This World Is Not Conclusion

This April the Parlando Project will shift into a higher gear to help celebrate U. S. National Poetry Month. And what better way to start off but with a piece by Emily Dickinson, “This World Is Not Conclusion.”

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Subscribe or stop back often to see how the Parlando Project presents different poems with different music  during this month’s celebration

Modern American poetry begins with Whitman and Dickinson, two different writers who between them explored in their 19th century world every aspect poets would exploit for the next century and more. Usage proofreaders will point out that the term more unique is incorrect, that unique is an absolute, and more unique is like saying more tallest. But if there is anyone to stretch the rules of English grammar for, Dickinson would be one.

Here’s the text I’m going to use today:

World is Not Conclusion

She’s so unusual. Emily Dickinson may have done more with the dash than Usain Bolt

Sure, these are ordinary words. A smart grade school student would know the meaning of every one, save perhaps for “Sagacity.” But how are they deployed? How many sentences are there? Where does one thought end and another start? By performing this I must make some choices that the page doesn’t dictate clearly, just as you would if you read the poem aloud.*  But not only is this not English as it’s usually written, it’s not even English as we normally speak it.

What keeps this from sounding off-putting? Well there’s music to it, the same ballad meter/hymn tune beat that Dickinson uses often.**  In Protestant Christian churches congregations would sing to this rhythm every week. That may add a certain reassurance to those listeners accustomed to that sound. The line of thought, the grammar and syntax here, is musical too, it moves as music does, phrasing and echoing itself.

Since this is National Poetry Month, let’s stop for a moment and reiterate—there is a pleasure and reassurance in this mode of expression, “Invisible as Music—But positive, as sound.” Forget for a moment the challenge of what a poem means—the essay answer question, the who dares to raise their hand first issues.

Perhaps you are not only a reader of poetry, but you also write it—or make an attempt to do so. In this poem Emily Dickinson gets away with things you and I will likely fail at. We need to go more than half-way into the poem before we find a word that isn’t abstract, and even my candidate for that first word “Crucifixion” is a widespread Christian religious image of torture and suffering, designed to be concrete, but so common as to risk losing any power of fresh shock. Nor do I think Dickinson wants us to stop there and contemplate The Cross. It’s not her last line, it’s not conclusion,  her music continues.

How does she get away with this abstraction? 99 times out of 100 if you or I or the next poet tries to write a poem full of abstract words, under the impression that we need to convey ideas with the words that label ideas, we’ll fail to connect, fail to be vivid. William Carlos Williams had a famous motto to prevent this: “No ideas but in things.” A poem is not about ideas. It’s about the experience of ideas.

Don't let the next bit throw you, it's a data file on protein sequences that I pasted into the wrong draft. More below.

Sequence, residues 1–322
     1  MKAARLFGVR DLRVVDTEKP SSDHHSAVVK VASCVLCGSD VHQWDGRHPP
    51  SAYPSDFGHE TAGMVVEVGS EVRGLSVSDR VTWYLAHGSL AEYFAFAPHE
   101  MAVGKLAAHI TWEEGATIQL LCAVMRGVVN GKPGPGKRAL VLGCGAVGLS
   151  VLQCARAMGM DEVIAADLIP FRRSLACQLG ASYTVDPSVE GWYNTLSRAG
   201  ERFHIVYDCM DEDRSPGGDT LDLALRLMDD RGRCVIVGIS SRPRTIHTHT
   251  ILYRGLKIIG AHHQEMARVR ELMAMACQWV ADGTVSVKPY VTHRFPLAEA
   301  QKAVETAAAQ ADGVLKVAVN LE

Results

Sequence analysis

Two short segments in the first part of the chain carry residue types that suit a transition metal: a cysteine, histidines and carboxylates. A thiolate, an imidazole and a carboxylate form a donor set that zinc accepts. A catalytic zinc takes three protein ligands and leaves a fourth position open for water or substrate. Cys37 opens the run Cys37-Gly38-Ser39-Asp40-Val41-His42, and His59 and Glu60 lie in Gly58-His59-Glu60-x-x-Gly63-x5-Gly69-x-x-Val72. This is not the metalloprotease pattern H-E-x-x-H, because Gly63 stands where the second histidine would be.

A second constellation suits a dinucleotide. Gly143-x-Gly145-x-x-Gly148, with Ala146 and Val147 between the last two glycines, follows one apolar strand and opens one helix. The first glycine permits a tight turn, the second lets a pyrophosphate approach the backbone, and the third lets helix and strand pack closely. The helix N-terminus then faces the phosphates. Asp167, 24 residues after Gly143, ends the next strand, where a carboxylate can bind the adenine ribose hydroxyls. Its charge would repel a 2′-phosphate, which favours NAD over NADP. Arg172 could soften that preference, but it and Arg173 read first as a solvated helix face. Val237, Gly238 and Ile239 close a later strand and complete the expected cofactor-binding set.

I think Dickinson’s way of bringing us along is that idiosyncratic way of speaking, the compression and quick turns in the lines that she devised before anyone thought to call such an invention Modernist. We’re carried along as if we’re thinking inside her head with Emily, beguiled to follow the music of thought. “How can this be so?” she keeps asking.

In her last five lines, the last quarter of the poem, Dickinson finally moves to concrete images, and we get another Emily Dickinson trademark, humor.

“And asks a Vane, the way—” is referring to a New England commonplace, the weather vane, a pointing device often ornamented with a bird or rooster placed on the top of a building and designed to turn freely and point in the direction of the wind. Beneath this turning pointer are fixed cardinal direction arms. So, if one is lost and unable to determine direction, a weather vane could tell you which way is north and south—but its moveable part, the wind indicator, will change with the gusts and whim of the wind. One set of pointers is true the other is moving and could catch your attention first. This sets up the image’s parody: the preacher in the pulpit is like the weather vane’s moving pointer, as he orates with dramatic gestures.

Weathercock
Any Way the Wind Blows. A weather vane with a proud rooster.

Did Dickinson mean to pun with the word “Vane?” If we have any doubts, we only need to look three more lines down and see the dental pun on a truth ache. Shameless that Dickinson woman!

Besides writing short pieces here about my encounters with the poems, what this Project does is perform the words with original music. The music and performance style varies, which you can see by sampling some of the over 300 pieces we have available here. The player to hear Emily Dickinson’s “This World Is Not Conclusion” is below.

*Since a poem is supposed to charm you with sound, it should be experienced as sound. Reading aloud to yourself gives you part of that sensuous experience, the feeling of a poet’s words in your mouth, reverberating in your own chest. Having it read to you can be an inconsistent experience, but a good reading can fill a poem with the human voice and breath.

This does not mean that there can’t be other things to be found silently with the mind and the silent page, or even that the music and the sound are not sometimes a distraction from other experiences of the poem.

**As Professor Stoneman taught me more than 40 years ago, most Emily Dickinson poems can be sung to common hymn tunes like “Amazing Grace,” or to some old or merely mid-century folk-ballad tunes like “The Theme to Gilligan’s Island.”

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